Newly discovered gene mutations in the progression of venetoclax-treated relapsed chronic lymphocytic leukemia (CLL) may improve understanding of clinical resistance mechanisms underlying the disease, according to recent research.
“We investigated patients with progressive CLL on venetoclax harboring subclonal BCL2 Gly101Val mutations for the presence of additional acquired BCL2 resistance mutations,” wrote, of the University of Melbourne in Victoria, Australia, and his colleagues in .
Among 67 patients with relapsed disease treated with the BCL2 inhibitor venetoclax, the researchers identified a total of 11 patients with co-occurring BCL2 Gly101Val mutations. Each patient was enrolled in an early phase clinical trial at an institution in Australia.
With respect to testing methods, next-generation sequencing (NGS) and hybridization-based target enrichment technologies were used to detect novel acquired mutations in the BCL2 coding region.
Among those harboring the Gly101Val mutation, additional BCL2 mutations were identified in 10 patients (91%), with a median of three mutations detected per patient (range, 1-7). Previously undescribed mutations included an in-frame insertion mutation (Arg107_Arg110dup), and other substitutions (Asp103/Val156) in the BCL2 gene.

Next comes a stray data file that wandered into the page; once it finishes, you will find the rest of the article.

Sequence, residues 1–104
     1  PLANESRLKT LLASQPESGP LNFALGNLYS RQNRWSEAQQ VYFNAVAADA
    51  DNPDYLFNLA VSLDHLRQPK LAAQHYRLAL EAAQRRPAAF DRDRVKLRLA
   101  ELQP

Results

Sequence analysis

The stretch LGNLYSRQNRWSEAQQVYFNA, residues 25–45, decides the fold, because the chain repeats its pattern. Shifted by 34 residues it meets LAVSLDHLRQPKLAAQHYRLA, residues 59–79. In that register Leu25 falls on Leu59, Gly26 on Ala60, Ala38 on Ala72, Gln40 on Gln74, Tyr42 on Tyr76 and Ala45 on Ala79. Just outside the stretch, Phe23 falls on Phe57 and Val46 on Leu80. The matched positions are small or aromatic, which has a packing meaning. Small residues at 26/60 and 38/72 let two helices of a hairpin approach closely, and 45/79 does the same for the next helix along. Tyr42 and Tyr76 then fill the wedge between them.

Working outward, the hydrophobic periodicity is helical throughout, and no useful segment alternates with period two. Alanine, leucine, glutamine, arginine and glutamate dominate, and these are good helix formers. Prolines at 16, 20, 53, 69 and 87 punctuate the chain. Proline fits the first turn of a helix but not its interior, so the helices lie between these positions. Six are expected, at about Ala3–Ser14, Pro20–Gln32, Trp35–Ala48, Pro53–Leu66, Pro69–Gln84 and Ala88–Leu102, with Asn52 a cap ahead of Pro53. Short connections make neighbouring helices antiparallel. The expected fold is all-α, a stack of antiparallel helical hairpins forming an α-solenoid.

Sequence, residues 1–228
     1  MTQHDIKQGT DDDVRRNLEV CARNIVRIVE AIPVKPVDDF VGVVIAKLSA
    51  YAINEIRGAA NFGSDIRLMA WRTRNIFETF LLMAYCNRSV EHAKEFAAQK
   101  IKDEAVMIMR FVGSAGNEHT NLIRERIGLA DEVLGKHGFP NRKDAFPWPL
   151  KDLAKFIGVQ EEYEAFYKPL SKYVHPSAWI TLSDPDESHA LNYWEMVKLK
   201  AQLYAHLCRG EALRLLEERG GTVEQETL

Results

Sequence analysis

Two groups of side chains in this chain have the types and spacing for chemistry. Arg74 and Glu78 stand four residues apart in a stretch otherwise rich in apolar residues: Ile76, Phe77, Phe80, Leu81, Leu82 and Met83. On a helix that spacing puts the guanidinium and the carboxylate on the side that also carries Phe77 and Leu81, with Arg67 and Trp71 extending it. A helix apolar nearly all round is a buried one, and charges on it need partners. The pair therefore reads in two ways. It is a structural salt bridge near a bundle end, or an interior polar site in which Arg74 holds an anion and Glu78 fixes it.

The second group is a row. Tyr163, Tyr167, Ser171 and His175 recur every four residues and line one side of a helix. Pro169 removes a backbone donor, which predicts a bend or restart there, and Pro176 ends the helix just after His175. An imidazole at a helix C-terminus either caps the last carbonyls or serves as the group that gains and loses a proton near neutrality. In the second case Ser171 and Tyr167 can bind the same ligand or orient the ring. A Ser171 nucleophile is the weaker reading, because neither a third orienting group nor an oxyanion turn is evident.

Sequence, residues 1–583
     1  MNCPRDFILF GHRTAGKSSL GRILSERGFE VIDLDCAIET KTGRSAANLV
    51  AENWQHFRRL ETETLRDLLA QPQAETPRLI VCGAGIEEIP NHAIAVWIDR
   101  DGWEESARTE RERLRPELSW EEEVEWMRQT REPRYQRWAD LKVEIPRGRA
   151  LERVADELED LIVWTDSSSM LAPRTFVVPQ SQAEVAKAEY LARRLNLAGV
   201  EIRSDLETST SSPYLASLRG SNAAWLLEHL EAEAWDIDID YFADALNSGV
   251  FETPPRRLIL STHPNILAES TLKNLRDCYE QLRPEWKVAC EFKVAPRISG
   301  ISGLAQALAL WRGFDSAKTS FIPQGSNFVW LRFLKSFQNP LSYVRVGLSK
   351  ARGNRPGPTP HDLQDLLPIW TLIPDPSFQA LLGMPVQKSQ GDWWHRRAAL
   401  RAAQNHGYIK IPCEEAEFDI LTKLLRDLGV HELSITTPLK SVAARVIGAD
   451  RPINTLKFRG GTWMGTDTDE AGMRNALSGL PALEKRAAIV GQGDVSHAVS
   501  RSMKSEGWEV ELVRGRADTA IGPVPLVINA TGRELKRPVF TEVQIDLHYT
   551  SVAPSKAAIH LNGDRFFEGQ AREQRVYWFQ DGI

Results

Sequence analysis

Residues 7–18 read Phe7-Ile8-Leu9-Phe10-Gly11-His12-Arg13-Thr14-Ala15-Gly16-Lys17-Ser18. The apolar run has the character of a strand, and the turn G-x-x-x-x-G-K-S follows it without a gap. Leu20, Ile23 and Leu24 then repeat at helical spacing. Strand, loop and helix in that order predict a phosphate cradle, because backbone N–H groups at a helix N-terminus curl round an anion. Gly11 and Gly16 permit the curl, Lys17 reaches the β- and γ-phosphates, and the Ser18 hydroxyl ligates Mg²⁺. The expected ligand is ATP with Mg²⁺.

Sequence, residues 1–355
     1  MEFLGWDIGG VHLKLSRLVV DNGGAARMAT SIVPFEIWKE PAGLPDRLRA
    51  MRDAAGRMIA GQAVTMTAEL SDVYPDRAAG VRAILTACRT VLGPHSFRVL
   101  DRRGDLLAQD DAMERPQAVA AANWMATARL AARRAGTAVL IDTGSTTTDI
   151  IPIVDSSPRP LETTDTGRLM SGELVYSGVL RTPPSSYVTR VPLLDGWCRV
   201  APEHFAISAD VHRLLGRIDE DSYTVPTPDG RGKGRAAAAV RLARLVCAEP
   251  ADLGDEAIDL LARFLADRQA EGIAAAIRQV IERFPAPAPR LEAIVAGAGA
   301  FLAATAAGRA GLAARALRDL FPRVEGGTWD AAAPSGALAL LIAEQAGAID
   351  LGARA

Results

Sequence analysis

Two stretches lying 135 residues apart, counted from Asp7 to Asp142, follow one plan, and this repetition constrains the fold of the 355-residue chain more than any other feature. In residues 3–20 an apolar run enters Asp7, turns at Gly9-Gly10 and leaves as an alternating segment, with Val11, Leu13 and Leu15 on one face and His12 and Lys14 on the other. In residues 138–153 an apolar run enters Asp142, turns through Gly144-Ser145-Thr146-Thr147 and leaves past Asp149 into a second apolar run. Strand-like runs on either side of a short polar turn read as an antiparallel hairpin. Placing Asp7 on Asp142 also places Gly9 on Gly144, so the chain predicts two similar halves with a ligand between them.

“As with the Gly101Val, these observations support the specificity of these mutations for the context of venetoclax resistance,” they wrote.
The investigators further explained that the BCL2 Asp103Glu mutation could have particular significance in the context of venetoclax sensitivity because of selective targeting of the BCL2 gene.
In comparison to wild-type aspartic acid, the BCL2 Asp103Glu substitution was linked to an approximate 20-fold reduction in affinity for venetoclax, they reported.
“[Our findings] consolidate the paradigm emerging across hematological malignancies of multiple independent molecular mechanisms underpinning an ‘oligoclonal’ pattern of clinical relapse on targeted therapies,” they concluded.
Further studies are needed to fully characterize the relationship between acquired BCL2 mutations and venetoclax resistance.
The study was funded by the Snowdome Foundation, Vision Super and the Wilson Centre for Lymphoma Genomics, the Leukemia and Lymphoma Society, the National Health and Medical Research Council of Australia, and other grant funding sources provided to the study authors. The authors reported financial affiliations with AbbVie, Genentech, and the Walter and Eliza Hall Institute.